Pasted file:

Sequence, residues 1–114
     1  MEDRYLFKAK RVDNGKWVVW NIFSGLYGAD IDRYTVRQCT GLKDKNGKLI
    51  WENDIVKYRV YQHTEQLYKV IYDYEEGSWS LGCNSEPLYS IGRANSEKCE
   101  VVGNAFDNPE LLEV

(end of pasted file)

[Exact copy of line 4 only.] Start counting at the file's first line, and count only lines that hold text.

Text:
   101  VVGNAFDNPE LLEV